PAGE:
SEC proposes enhanced, structured disclosures on proxy votes
XBRL looks set to be deployed for reporting on funds stewardship in the US, facilitating access to information on how asset managers are voting at AGMs. The US Securities and Exchange Commission (SEC) has proposed rule changes to enhance the information disclosed by investment funds about their proxy votes, in the form of amendments to its Form N-PX. Crucially, in addition to improvements to the content of disclosures, it would require filers to use “an XML structured data language.” The SEC already has world-leading experience in extensive deployment of Inline XBRL for disclosures via its EDGAR portal, making this the natural choice of format.
“This proposal will make it easier and more efficient for investors to get crucial information about proxy votes from funds,” said SEC Chair Gary Gensler. As he discussed in a statement, Form N-PX is long and complicated, yet the information is difficult to use. Votes may be reported vaguely or inconsistently, and the lack of a machine-readable format impedes analysis. “Thus, I support today’s proposal to make the information on Form N-PX more consistent, comparable, and decision-useful for investors. If finalized, today’s rules would bring standardization and usability to this important form, updating it for today’s technologies. Investors will be able to see information tagged by categories, and they’ll be able to access this information in a format that is easy to analyze electronically.” This would facilitate investors in monitoring how their funds vote and compare different funds’ voting records.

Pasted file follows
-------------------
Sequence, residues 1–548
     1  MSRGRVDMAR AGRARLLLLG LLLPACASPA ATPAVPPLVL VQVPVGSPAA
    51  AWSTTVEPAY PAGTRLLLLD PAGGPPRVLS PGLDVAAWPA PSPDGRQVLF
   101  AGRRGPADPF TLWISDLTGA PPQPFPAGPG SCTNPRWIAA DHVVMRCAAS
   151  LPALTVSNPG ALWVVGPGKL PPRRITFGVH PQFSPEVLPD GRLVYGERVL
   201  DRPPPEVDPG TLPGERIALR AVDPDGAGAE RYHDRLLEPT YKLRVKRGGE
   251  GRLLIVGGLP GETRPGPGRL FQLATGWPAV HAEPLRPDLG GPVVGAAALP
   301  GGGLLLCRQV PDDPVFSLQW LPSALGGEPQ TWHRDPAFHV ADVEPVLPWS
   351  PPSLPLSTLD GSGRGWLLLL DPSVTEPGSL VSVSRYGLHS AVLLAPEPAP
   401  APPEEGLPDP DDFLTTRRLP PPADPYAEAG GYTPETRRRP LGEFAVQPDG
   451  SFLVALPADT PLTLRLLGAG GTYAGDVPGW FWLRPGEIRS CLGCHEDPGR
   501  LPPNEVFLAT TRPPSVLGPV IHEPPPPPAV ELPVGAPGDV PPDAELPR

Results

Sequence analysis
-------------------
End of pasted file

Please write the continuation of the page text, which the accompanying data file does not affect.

We are delighted to such enthusiastic endorsements for structured reporting. Commissioner Allison Herren Lee welcomed the proposals, both in the public interest and for the protection of investors. “In service to transparency, I’m very pleased to see today’s proposal will require voting information to be disclosed in a structured, machine-readable format,” she stated. “Voting data is important not just at the micro level—meaning a specific vote on a specific ballot issue at a specific company–but also at the macro level and in various aggregate forms—meaning whether and how funds, fund complexes, and managers vote broadly when it comes to contested issues or certain kinds of public policy proposals and how that voting compares to the voting of others. Structured data will facilitate both types of analyses, and I look forward to feedback from commenters on whether and how we can further improve the proposal in this respect.”
Two Commissioners expressed reservations as to the extent that the proposals will serve investors rather than other stakeholders. Commissioner Elad L. Roisman nonetheless recognised the value of updating Form N-PX to make it more useful, ultimately voting in favour. “When I have reviewed Forms N-PX that have been filed with us, I have found it frustrating to see funds list their votes on agenda items opaquely labeled as ‘Miscellaneous,’” he commented. “I can see how having forms filed electronically with the Commission in a structured format can allow investors to more easily analyze the content.”
The proposals would also require institutional investment managers to disclose voting on executive compensation, or ‘say-on-pay’ matters. They will shortly be published in the US Federal Register, beginning a 60-day comment period, so do respond if you are interested in these new reporting and analytical possibilities in the US.